- 0830: run/bike/run to the office. Normal early morning training smugness wholly erased by the fact that despite racking up almost two and half hours before most people got up, I’m barely half done for today
- 0900: at work, in body if not in mind
- 1130: office sofa, you are my best friend
- 1730: back on the bike at Regents Park. Chilly out but at least it’s dry
- 1742: drizzle
- 1809: rain. ‘What would Chrissie do?’ I think. She’d go harder. Of course. I dig in and try smiling. A passing mother pulls her children closer. Smiling isn’t working.
- 1828: hail. I am the only cyclist still riding beyond a shivering hard core huddling under London Zoo’s entrance hoping it’ll ‘blow over’
- 1850: with numb hands and feet I call time early in the name of sanity and safety. I still have a 45-minute run left
- 1915: fall into run kit and head out before I can change my mind. Excellently, a good friend who’s come to stay arrives at this very minute. “I’ll come with you,” he says and five minutes later we’re running and chatting down to Hyde Park, around the Serpentine lake in the centre and back again. His cheery banter means the miles fly by. Thank you Patrick
- 2030: cook, clean, wash, dry, clean, cook, prepare, repeat… I feel like Cinderella, but with more Lycra. I attempt to be a sociable host but in reality am a distracted mumbling buffoon. My wife does a good job covering for me, but I can see she’s concerned.
Wednesday: 2-hr swim, 50 mins strength & condition, 60 mins bike
We love you, Chrissie, but your plan is killing me!
- 0500: alarm, dress, stretch, roll, meditate, Shake, leave for pool via run/bike/run transfer. If this sounds repetitive that’s because it is
- 0700: human soup with a shot of chlorine, sir? Ooh, yes please. The endless lengths are dreary, but my form and rhythm are improving which is nice
- 0900: at work, I have broken my ‘no training kit during the day’ rule and am shambling about in a tracksuit. Fortunately no meetings today as I look like I’m about to take a paternity test on Jeremy Kyle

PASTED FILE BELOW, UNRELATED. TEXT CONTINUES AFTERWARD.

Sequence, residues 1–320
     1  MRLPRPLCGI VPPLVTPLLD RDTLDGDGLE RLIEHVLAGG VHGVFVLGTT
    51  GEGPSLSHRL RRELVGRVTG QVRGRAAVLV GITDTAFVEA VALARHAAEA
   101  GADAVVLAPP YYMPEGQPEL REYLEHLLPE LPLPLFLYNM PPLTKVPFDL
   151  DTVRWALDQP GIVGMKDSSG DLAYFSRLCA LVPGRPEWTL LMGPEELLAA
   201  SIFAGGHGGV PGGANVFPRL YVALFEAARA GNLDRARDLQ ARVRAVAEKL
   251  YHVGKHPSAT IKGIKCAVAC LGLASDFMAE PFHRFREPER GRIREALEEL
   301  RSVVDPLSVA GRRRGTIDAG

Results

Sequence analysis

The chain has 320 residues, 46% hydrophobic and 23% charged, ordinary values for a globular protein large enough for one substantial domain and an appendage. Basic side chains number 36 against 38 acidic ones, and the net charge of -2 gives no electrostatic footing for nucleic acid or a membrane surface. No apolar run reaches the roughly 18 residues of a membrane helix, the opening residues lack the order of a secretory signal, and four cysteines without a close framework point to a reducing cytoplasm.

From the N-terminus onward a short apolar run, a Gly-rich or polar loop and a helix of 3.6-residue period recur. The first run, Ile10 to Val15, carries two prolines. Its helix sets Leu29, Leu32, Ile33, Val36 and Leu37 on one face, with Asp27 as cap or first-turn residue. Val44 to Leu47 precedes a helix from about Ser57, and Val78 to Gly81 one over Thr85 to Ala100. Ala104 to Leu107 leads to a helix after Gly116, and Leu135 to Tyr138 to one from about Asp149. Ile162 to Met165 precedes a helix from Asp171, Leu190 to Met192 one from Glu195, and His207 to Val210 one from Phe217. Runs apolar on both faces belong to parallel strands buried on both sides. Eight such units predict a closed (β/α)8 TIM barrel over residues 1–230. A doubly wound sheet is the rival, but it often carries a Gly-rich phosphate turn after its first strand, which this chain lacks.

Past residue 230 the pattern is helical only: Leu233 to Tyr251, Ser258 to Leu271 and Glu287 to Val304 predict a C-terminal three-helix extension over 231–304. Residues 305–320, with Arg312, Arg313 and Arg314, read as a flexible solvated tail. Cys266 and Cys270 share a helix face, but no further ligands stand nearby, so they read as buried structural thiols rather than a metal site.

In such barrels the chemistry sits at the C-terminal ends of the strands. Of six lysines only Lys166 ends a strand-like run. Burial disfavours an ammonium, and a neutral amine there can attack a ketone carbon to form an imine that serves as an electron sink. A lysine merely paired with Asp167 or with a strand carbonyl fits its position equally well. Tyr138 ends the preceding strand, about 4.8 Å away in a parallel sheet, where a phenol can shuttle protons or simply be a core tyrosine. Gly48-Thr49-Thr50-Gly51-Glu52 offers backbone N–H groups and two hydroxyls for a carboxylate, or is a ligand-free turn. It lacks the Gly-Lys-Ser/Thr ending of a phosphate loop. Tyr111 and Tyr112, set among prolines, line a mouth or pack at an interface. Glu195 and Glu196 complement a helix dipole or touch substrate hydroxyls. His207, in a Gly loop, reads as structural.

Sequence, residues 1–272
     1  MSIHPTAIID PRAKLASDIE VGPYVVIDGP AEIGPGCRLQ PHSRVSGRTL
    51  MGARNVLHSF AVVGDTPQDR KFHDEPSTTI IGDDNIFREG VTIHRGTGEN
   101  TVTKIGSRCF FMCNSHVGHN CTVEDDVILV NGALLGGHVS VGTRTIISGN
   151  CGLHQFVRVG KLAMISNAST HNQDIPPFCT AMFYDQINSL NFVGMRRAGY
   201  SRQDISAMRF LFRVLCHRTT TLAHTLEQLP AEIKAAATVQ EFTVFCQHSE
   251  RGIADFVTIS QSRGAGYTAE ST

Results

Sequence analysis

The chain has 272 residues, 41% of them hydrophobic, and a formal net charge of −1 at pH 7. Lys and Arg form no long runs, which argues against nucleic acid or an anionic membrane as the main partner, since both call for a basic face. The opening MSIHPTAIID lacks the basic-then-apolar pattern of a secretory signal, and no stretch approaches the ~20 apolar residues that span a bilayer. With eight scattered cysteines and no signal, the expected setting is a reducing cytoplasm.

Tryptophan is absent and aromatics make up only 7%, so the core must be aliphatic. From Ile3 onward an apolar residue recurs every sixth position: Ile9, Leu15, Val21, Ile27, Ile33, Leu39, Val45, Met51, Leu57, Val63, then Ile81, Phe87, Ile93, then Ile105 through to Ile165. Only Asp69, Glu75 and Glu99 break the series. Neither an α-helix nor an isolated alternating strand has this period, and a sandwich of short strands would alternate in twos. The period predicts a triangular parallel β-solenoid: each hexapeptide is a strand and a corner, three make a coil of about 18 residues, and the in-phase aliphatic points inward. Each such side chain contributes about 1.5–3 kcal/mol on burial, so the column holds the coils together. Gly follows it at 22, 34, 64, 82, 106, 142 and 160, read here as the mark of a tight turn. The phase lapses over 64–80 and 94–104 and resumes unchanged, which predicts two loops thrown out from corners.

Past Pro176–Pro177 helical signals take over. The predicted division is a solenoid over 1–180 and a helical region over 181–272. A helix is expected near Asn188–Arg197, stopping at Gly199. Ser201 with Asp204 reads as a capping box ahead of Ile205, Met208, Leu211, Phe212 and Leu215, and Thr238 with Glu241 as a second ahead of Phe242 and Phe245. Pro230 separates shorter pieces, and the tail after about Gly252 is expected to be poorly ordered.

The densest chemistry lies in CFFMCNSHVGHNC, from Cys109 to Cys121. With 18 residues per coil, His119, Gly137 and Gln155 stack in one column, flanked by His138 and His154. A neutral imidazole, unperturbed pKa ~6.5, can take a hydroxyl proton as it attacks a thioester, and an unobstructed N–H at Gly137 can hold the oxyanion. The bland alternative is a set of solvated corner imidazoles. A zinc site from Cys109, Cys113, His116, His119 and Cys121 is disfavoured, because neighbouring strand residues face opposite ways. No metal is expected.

Thursday: rest day
- 0700: lie in, bliss
- 0900: at work. Genuinely productive for the first time all week
- 2000: on the sofa, stoked to have nailed 100% of today’s training requirement. Drift off to sleep dreaming of athletic greatness. I can do this
Friday: 2-hr swim, 50 mins strength & conditioning, 60 mins bike
- 0500: Why do I not feel rested at all? Before falling deeper into self-pity I remember there are people getting up daily at this time to sweep streets and clean toilets. All I have to do is a bit of training, a completely selfish activity I am choosing to do. Having manned up, I get stuck into another day
- 0501-2200: I could give you fine detail but honestly, it was a carbon copy of Wednesday
Saturday, ‘The Big One’: 2-hr swim, 4-hr bike, 45-min run
- 0630: alarm – pool doesn’t open until 8am today hence my ‘lie in’. After my regular morning routine and a run/bike/run to the pool I bang out the penultimate swim with something approaching relish. A strange lack of the usual aquatic insomniacs means I have a lane to myself. Result
- 1030: hit the laptop, strangely I have a lot of lost work time to make up for